Wednesday, April 16, 2008

Q & A: "he and my mother both hate each other"

Q: Help! I'm 23 years old and dating a wonderful guy who is two years older. The problem is that he and my mother both hate each other. He thinks she is the bitch from hell, and she thinks he is an immature kid. I can't please them both, and I feel like my relationship with both of them is at risk. I feel that if I break up with him, she wins, and if I tell her to but out, he wins. I just want some peace. Should I ignore it and just accept that they will forever be at war? I am confused, and my relationships are very tense- Boyfriend and Mom at War

Dear Boyfriend and Mom at War,
It seems you are suffering from the syndrome called "The Disease to Please." Stop it. Start recognizing your own self worth and start pleasing yourself. The two people who claim they love you, and I'm sure they do, are both fighting for you and your attention. Well there is only one of you, and they had better learn how to share. It's not nice not to share. And jealously is not particularly attractive. If it was, I'm sure there would be a cologne called "Jealousy."

You might want to sit them down together and tell them the story of the wisdom of King Solomon. The story goes like this. Two women appeared before King Solomon claiming that both were the mother of a baby. Since King Solomon didn't know which one was telling the truth, he proposed that the child be cut in two and each half given to one of the women. One woman agreed while the other woman refused to let the baby die. She would rather give the child up then have it be cut in half. Instantly, King Solomon knew who the real mother was.

Let them know that you love both of them and that you have enough love to go around to love them both equally. I have a suspicion that they are both scared of losing your love. Tell them you you're not going to choose between them, but rather that you choose both of them. Then, spend some special quality time with each of them individually, so they feel special and valued. And make it very clear that you will no longer tolerate any more tension. Hold your ground girlfriend, in a loving way but also in a self-caring and self-nurturing way.


Q: I'm 26 and I've been dating someone for over a year now, and have been living together for about a year. Things moved really quickly in the beginning and at first he was gung-ho about the whole getting married thing. He is moving across the country in 2 months for a job, and wants me to go with him. The problem is, now that I want a commitment, things have changed. He says he doesn't want to get married "for a long time" and sort of avoids talking about anything relating to marriage, and I don't want to rush either, but some sort of commitment would be nice before I move across the country. Should I move and just let our relationship take its course, or should I just end it now? Or, should I ask for a ring?- I Want a Commitment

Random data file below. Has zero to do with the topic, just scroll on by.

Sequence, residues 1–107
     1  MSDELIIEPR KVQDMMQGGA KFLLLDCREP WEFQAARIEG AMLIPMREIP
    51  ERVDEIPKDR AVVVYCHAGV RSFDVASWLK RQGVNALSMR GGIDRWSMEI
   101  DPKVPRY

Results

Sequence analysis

Dear I Want a Commitment,
I can see that you really care about this man a lot. Tell him just how much he means to you; that you really love him, how much you've loved waking up to him and going to sleep with him every night and how much you've loved the time you've spent together. Be authentic, honest, and sincere in your communication. Don't criticize him or make him wrong for not wanting to commit to you at this time. Simply, let him know that you understand where he is at, and that you're not judging him or his decision but that you're at a different place. Be sure to communicate in a non-threatening way that you will miss him and the time you've spent together. Then move out immediately. Don't wait the two months, but don't close the door either. Leave the door open for him to come to you. Men don't like to be cornered or conquered. Men like to know that they have options. So now he has lots of options.

When you leave, just remember #1 Golden Rule for Dating. You only love those who love you. And then there's Rule #10. When a man says he doesn't want to commit believe him. Don't give up hope just yet. Remember, we don't marry the ones we can live with, we marry the ones we can't live without. Be strong and don't ask for a ring. It's his job to propose.


Q: I've known this girl for a long time and in our teen years we've grown to be pretty close friends. I've become attracted to her and want to ask her out, but I'm not sure what effect this will have on our friendship if it doesn't work out. I'm not a very experienced dater, but it seems to me that she's been dropping some hints.- Nice Guy